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Senate puts skimmers and scammers on notice with passage of Pearson anti-financial fraud bill

 


The Senate passed a measure sponsored by Sen. Kirk Pearson that makes it a crime to possess an “instrument of financial fraud.” Senate Bill 6248 passed by a vote of 47-1, and now heads to the House of Representatives.

“Mere possession of one of these instruments is not much of a crime today – only a gross misdemeanor,” said Pearson, R-Monroe, “but as technology evolves, we need to make sure the law evolves with it. Law enforcement needs this tool to arrest and charge those who use new technology for crime.”

SB 6248 would make it illegal to possess what are called “instruments of financial fraud” – tools used by identity thieves and other criminals to gain access to victims’ money, credit or other valuables. Instruments used to commit financial fraud may include stolen checks, stolen or fraudulent credit cards and debit cards; fake checks with fictitious names or accounts; fake identification cards; or equipment to produce fake driver licenses or checks.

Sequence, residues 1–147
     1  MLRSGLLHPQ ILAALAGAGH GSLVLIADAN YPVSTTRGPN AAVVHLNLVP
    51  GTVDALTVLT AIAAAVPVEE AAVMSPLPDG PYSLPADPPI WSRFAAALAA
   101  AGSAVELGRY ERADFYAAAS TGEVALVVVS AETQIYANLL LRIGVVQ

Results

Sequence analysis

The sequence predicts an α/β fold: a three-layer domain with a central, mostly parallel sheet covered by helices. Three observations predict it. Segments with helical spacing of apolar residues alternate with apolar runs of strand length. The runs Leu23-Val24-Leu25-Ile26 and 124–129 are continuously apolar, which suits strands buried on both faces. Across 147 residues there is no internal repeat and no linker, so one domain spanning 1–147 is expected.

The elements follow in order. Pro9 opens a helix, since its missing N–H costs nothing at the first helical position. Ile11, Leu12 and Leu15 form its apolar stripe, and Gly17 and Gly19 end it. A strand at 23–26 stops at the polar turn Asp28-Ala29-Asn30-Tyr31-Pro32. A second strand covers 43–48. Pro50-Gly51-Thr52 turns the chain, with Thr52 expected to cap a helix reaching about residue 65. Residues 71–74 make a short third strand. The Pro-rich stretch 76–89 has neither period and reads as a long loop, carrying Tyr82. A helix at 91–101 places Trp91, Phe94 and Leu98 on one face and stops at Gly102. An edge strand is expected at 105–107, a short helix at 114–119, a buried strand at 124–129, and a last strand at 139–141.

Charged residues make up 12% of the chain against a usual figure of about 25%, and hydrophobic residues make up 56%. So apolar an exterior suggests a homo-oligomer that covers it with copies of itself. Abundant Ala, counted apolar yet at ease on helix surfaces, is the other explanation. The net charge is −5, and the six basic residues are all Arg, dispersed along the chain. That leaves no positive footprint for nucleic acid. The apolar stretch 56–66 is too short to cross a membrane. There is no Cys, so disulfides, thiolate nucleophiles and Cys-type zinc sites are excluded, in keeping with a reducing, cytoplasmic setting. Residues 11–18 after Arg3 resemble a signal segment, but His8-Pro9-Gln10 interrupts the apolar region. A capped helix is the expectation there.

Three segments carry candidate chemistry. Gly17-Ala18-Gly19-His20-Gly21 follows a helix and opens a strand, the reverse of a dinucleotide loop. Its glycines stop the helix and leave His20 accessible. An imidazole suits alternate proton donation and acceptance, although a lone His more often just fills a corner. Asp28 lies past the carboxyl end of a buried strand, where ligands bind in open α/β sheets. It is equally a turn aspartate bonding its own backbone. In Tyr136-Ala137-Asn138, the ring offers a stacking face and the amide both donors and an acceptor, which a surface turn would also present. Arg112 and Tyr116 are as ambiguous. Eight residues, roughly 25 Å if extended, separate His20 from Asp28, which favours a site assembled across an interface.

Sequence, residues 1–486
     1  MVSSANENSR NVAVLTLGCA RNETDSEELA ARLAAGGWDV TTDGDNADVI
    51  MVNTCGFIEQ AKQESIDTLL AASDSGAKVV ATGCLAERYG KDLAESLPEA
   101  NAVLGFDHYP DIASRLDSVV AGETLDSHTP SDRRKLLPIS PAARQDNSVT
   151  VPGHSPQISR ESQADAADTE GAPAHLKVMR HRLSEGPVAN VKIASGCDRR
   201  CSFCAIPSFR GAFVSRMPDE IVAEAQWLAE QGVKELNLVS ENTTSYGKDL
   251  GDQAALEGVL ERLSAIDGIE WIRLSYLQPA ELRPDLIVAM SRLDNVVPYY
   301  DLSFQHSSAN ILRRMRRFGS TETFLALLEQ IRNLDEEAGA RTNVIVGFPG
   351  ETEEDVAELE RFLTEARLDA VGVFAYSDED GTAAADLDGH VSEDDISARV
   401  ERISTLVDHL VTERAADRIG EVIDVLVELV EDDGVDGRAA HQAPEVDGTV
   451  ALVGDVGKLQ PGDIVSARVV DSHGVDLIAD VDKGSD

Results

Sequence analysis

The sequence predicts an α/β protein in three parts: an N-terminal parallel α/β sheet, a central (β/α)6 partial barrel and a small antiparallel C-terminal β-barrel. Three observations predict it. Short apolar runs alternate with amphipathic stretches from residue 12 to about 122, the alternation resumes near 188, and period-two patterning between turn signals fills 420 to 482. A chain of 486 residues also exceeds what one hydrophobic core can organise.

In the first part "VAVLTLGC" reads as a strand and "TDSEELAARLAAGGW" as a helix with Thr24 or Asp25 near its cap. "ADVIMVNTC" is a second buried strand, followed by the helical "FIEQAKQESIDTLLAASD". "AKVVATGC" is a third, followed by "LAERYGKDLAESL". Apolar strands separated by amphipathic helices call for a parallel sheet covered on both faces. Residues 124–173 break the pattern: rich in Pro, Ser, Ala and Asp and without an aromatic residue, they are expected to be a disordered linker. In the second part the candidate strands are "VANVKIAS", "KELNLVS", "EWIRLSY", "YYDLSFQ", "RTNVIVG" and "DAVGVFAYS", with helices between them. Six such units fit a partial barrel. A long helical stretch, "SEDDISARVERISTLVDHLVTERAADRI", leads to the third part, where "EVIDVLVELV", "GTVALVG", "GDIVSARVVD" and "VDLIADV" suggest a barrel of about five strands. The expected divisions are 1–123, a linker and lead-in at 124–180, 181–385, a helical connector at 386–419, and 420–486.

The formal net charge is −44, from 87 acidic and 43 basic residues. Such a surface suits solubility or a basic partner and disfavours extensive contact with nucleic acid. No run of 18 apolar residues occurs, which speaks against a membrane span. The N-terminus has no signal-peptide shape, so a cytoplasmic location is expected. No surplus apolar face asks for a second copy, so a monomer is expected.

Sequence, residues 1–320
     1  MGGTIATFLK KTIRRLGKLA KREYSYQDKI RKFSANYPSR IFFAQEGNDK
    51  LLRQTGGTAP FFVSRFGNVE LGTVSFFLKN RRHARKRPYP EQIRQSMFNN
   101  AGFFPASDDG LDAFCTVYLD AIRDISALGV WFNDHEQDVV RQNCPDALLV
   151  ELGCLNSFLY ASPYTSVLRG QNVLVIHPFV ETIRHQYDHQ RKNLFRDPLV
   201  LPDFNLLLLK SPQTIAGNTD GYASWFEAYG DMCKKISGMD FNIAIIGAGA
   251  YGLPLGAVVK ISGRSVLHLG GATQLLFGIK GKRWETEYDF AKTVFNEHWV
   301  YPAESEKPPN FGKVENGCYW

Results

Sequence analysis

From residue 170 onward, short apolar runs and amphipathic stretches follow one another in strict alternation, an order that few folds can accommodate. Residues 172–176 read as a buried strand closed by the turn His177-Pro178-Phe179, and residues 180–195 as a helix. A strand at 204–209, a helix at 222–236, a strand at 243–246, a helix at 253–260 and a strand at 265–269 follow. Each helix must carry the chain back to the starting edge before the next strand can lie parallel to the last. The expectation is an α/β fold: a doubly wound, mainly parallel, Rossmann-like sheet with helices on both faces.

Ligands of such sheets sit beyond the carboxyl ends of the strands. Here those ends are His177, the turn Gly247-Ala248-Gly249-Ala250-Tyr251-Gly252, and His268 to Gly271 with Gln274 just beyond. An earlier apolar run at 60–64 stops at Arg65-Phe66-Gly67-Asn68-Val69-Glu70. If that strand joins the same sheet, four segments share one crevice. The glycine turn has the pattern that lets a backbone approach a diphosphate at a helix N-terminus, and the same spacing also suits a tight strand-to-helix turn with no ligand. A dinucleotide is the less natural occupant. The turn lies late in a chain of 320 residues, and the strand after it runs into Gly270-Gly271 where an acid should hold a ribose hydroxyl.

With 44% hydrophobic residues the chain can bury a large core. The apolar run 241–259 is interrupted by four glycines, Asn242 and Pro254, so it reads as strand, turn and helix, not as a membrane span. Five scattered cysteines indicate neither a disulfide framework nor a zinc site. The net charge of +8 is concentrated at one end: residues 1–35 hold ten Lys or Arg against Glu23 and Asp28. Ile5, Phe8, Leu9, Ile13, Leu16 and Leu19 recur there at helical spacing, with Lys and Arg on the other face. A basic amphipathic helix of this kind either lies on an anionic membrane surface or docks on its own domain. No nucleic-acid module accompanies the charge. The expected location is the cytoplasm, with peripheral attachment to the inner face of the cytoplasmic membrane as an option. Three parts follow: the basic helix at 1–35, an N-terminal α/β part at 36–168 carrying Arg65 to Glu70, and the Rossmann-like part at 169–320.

The bill is also specifically aimed at combatting the problem of “skimming” technology. Skimming isn’t new – it’s been around almost as long as ATMs, but a new generation of skimming technology has taken a significant leap forward. Using sophisticated devices, criminals are now able to read the magnetic strip on victims' cards and even record PINs entered by the victims.

“My bill would make it a class C felony to possess one of these skimming devices, which may include anything from wireless devices and magnetic card readers to video recorders and ATM overlays,” said Pearson, a member of the Senate Law and Justice Committee. “Senate Bill 6248 is an important step in protecting all Washingtonians from falling prey to these criminals, and making it more costly for those who commit these crimes.”

 

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